“Without the use of AI, basic biomedical research is not only challenging, but drug discovery takes much longer and is more expensive,” said Liran Belenzon, the co-founder and CEO of BenchSci told Betakit earlier this year.
“We are applying and developing a number of advanced data science, bioinformatics, and machine learning algorithms to solve this problem and accelerate scientific discovery by ending reagent failure.”
BenchSci said last spring that it had raised US$8 million from a group of investors that includes Google’s Gradient Ventures.
Tom Leung, who did his PhD in epigenetics at U of T, got the idea for the company after struggling to find a suitable antibody for his experiments. BenchSci’s other co-founders include David Chen and Elvis Wianda.
Blue J Legal: US$7 million
(photo by Lisa Sakulensky)
Blue J Legal uses AI to predict the outcome of tax and employment law cases, saving lawyers and their clients time and money.
The startup was co-founded in 2015 by three members of U of T’s Faculty of Law and an enterprise software developer. Professor Benjamin Alarie, the startup's CEO, got the idea after being asked to be a judge in an IBM Watson competition that was held at U of T.
Blue J, which has already turned several Canadian law firms onto Tax Foresight and Employment Foresight tools, raised US$7 million from investors last fall, and plans to use the money to help fund its expansion into the huge U.S. legal market.
“Our long-term vision is to have Foresight for every major area of legal research – insurance, bankruptcy, contracts, personal injury and so on,” Alarie recently told U of T News.
AmacaThera: CAN$3.25 million
(photo by Roberta Baker)
U of T University Professor Molly Shoichet’s startup could help reduce the need for doctors to prescribe opioids after surgery – a common practice that’s played a role in fuelling the current opioid epidemic.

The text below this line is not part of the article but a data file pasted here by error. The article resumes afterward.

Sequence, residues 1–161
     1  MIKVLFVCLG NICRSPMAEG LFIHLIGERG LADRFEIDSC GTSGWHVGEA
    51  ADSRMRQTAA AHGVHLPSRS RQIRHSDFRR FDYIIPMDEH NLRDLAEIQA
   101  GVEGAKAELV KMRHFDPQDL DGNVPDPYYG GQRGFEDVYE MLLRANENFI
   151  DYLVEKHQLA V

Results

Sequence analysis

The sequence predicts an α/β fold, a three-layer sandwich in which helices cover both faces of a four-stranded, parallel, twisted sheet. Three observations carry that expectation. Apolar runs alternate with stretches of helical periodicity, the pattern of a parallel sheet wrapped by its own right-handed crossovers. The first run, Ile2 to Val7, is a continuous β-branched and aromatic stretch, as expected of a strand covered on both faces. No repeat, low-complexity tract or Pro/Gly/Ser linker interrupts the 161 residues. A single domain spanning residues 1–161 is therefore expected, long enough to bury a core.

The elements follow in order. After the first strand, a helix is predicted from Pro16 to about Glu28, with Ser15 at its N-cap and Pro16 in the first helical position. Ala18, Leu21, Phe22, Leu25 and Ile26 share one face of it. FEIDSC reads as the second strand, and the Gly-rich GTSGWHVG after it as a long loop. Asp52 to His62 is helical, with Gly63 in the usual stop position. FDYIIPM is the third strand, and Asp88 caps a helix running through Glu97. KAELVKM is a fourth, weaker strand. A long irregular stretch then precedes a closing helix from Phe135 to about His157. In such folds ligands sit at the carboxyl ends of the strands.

The startup Schoichet co-founded with Mike Cooke, formerly a post-doctoral researcher in her lab, uses a gel to deliver – and hold – local anesthetic drugs near the site of surgical incisions, making them longer-lasting and more effective.
That, in turn, means many patients won’t require additional medication to deal with post-surgical pain.
“It’s actually a pretty high percentage of addicts who start taking these opioids early on for surgical reasons,” Shoichet recently told U of T News.
“If this could obviate the need for people to take opioids in the first place, it would have a real societal benefit.”
Named AmacaThera, the pair’s startup raised $3.25 million earlier this year to complete a Phase 1 clinical trial.
Nanovista: CAN$2.3 million
(photo by Chris Sorensen)
Nanovista uses nanotechnology to help doctors identify and remove cancerous tumours.
Nanovista’s lipid-based system encapsulates two different imaging agents for use in computed tomography scans and pre-operative planning – a key tool in an era where cancer screening programs are identifying ever smaller cancerous legions that must be surgically removed.
“It helps identify the margins of the tumour so the surgeon will remove just the malignant tissue, but all of the malignant tissue,” Christine Allen, one of Nanovista’s co-founders and a professor in U of T’s Leslie Dan Faculty of Pharmacy, told U of T News.
“It also highlights the malignant lymph nodes the cancer has spread to.”
The startup, which was also co-founded David Jaffray and Jinzi Zheng, raised $2.3 million in financing early last year.
Phenomic AI: US$1.5 million
(photo by Jovana Drinjakovic)
Using deep-learning to track proteins, Phenomic AI hopes to accelerate drug development by learning what makes healthy cells healthy, and what goes wrong during disease.
Alumnus and co-founder Oren Kraus based the two-year-old startup on software technology he developed during his PhD. The algorithm can quickly sort cells into distinct categories based on how protein molecules are distributed inside.
“Our method can be used to distinguish between cells that are growing normally from those that are not, but also for finding out whether or not a drug is working when applied to cells in culture,” says Kraus.
“The great thing is that our technique can be widely applicable to almost any type of disease.”
Phenomic AI, which received support from U of T’s UTEST program and the Creative Destruction Lab, raised US$1.5 million from investors last spring.